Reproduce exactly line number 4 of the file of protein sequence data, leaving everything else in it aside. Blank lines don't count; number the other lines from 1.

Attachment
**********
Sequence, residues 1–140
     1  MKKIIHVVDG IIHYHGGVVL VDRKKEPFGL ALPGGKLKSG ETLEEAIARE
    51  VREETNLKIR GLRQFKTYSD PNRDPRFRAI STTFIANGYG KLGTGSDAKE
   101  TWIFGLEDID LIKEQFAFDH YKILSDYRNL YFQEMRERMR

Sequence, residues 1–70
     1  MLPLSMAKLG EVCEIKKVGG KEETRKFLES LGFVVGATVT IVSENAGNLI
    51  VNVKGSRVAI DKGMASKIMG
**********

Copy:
   101  TWIFGLEDID LIKEQFAFDH YKILSDYRNL YFQEMRERMR